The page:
Fifteen of twenty-two HINJ companies responded to the survey, which targeted functional area, occupational title, educational
level, and degree, while data were collected on numbers of employees, job openings, recent hires, and employment projections.
Structured interviews were conducted with human resources managers as well. The full report may be found at
FDA Issues Draft Guidance for Labeling Prescription Drugs
Rockville, MD (May)—The US Food and Drug Administration (FDA) issued a draft guidance "Labeling for Human Prescription Drugs—Determining Established
Pharmacologic Class for Use in the Highlights of Prescribing Information."
The guidance is meant to help applicants and review staff in FDA's Center for Drug Evaluation and Research "determine when
a drug belongs to an established pharmacologic class" and "how to select the appropriate word or phrase that describes the
pharmacologic class for inclusion in the Indications and Usage section of Highlights of Prescribing Information of approved
According to a final rule published by FDA in January 2006, a drug that is a member of an established pharmacologic class
must have the name of the class and the drug's indications clearly labeled under the Indications and Usage section of Highlights.
Pharmacologic class is defined on the basis of the drug's mechanism of action (MOA), physiologic effect (PE), or chemical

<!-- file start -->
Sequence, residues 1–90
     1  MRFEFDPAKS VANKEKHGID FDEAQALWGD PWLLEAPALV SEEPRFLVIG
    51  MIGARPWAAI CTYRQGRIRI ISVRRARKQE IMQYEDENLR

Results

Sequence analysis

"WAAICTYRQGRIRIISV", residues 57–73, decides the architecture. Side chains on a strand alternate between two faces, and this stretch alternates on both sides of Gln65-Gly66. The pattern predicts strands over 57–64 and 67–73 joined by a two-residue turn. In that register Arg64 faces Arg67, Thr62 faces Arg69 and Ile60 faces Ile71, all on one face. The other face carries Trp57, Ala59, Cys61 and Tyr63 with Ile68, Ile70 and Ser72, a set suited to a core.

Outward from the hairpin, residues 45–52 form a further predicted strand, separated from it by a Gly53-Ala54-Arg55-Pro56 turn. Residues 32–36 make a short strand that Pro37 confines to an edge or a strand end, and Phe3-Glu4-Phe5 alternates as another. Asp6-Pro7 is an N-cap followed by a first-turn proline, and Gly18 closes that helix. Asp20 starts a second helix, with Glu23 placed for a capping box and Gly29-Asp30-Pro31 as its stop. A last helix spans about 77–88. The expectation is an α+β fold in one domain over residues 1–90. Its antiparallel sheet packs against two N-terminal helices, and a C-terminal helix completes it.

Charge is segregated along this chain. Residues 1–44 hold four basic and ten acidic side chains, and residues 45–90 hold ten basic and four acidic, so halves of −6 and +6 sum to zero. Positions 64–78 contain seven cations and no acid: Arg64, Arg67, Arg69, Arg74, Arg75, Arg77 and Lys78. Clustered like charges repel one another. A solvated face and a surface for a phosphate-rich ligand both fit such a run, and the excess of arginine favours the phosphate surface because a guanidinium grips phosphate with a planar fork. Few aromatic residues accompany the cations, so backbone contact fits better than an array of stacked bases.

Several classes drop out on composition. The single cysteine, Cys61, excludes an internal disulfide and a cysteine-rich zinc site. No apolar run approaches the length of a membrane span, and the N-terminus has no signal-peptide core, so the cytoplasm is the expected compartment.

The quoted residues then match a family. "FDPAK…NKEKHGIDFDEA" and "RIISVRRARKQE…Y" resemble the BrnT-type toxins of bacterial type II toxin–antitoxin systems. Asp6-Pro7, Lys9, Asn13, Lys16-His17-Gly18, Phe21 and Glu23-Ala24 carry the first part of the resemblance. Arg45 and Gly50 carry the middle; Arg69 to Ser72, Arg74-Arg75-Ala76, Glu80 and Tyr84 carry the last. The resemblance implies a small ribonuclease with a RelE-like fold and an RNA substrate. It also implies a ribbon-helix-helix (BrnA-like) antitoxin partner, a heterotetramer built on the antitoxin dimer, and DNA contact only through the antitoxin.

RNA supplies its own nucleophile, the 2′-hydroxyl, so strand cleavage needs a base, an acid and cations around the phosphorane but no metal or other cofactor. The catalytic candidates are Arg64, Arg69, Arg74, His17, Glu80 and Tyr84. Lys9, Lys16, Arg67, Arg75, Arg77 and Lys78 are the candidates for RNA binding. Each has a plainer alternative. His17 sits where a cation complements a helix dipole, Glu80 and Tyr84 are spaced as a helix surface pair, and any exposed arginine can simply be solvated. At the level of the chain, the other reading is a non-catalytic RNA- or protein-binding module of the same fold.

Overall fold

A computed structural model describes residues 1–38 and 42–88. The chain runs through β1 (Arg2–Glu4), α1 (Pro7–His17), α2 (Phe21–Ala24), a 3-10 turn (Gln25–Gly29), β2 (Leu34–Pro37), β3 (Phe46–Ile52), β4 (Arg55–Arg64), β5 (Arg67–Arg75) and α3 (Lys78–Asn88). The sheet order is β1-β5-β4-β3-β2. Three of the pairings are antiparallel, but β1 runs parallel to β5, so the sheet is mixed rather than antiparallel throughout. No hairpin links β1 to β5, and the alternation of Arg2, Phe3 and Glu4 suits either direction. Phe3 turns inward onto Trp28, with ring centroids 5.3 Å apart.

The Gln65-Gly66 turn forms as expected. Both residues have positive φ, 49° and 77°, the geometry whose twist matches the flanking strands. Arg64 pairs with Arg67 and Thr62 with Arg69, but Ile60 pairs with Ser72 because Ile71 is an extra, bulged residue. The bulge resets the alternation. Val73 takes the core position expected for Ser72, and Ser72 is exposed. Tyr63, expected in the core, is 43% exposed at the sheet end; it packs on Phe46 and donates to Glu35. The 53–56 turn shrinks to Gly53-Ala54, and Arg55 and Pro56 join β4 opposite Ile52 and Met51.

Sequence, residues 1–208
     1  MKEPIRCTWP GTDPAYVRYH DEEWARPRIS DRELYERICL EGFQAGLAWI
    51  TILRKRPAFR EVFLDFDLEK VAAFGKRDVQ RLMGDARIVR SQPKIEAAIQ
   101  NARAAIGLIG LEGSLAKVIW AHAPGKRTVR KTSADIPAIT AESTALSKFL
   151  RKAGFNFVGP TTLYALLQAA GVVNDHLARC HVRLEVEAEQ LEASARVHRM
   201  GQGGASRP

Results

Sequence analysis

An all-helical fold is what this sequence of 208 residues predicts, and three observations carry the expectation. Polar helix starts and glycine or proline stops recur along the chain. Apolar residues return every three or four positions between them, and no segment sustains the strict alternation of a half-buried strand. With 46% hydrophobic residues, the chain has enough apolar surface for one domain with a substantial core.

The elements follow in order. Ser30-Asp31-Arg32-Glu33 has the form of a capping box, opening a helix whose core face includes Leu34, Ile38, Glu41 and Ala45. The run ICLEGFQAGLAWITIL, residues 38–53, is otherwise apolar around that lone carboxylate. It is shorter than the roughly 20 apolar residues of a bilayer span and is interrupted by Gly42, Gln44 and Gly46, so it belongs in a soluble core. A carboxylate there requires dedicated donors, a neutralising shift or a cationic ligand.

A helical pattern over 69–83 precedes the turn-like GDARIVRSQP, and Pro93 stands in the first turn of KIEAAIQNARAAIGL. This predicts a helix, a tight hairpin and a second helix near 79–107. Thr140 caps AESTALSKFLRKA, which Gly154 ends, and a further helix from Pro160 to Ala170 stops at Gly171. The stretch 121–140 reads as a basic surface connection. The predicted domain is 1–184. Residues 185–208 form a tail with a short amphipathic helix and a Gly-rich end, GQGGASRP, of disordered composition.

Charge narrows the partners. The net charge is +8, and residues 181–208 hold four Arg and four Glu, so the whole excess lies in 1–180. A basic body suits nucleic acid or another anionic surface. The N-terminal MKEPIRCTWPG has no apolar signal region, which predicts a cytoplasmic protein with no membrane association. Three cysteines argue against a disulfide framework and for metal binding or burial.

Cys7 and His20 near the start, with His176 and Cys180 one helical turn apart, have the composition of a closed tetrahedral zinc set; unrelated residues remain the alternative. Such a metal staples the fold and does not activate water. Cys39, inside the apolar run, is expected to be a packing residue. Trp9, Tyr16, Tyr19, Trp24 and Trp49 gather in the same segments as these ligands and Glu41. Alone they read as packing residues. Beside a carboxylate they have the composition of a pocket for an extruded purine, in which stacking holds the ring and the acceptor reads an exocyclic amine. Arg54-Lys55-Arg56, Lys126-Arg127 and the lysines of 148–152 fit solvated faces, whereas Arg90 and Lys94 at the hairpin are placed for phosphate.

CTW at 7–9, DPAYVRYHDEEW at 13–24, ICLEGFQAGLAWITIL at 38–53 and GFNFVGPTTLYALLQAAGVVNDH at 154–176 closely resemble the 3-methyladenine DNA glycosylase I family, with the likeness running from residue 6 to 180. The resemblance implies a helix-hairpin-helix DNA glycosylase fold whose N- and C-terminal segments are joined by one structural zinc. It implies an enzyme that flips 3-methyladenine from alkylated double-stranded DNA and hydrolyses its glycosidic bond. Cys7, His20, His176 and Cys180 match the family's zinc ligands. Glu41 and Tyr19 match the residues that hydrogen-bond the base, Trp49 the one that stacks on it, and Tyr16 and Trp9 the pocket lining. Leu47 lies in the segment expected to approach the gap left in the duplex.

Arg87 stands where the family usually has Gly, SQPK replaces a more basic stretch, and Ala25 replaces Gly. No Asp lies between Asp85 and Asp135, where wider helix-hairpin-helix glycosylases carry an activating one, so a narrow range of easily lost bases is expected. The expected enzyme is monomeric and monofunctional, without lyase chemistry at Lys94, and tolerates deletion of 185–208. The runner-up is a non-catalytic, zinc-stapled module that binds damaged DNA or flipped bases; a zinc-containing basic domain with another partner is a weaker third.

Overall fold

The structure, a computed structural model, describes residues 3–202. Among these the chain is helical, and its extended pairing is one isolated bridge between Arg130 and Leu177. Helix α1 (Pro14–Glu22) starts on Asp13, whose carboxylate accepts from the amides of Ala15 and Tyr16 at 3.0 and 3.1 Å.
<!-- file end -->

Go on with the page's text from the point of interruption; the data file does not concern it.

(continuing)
According to the new draft, a single drug can have multiple scientifically valid pharmacologic classes. Only the pharmacologic
classes that are clinically meaningful (that is, they enhance the ability of professionals to understand the therapeutic effects
or undesirable effects of the drug) as well as scientifically valid can be the drug's established pharmacologic class. The
draft goes on to give several examples of how to determine the correct pharmacologic class for a drug and the circumstances
in which a combination of established pharmacologic classes may be included on the drug's label.
FDA goes on to state that new drugs undergoing review for marketing or licensing approval will have their proposed established
pharmacologic class reviewed by FDA for scientific validity based on submitted evidence that supports the claim that the pharmacologic
class is known and relevant to the indication under review. If an applicant wishes to update the labeling for an approved
drug, the addition of an established pharmacologic class term to the Indications and Usage section must be proposed and submitted
in a prior-approval labeling supplement.
Baltimore, MD (May 14)—
Students at Johns Hopkins University developed a thin strip that dissolves in the mouth and is capable of delivering rotavirus
vaccine to infants. The film dissolves within one minute, prompting the baby to swallow the vaccine. The medication is coated
with a material that protects it from stomach acids but allows it to be released in the small intestine. The vaccine will
be especially useful in developing countries, where rotavirus currently causes more than 500,000 deaths per year. Current
vaccines must be chilled for transport and storage, making delivery to impoverished areas difficult and expensive. The strips
are easy to transport and do not require refrigeration.
Foster City, CA (May 10)—Gilead Sciences, Inc. promoted Paul Carter to senior vice-president of international commercial operations. Carter joined
the company in 2006 as leader of Gilead's European commercial organization. He previously held various positions at GlaxoSmithKline.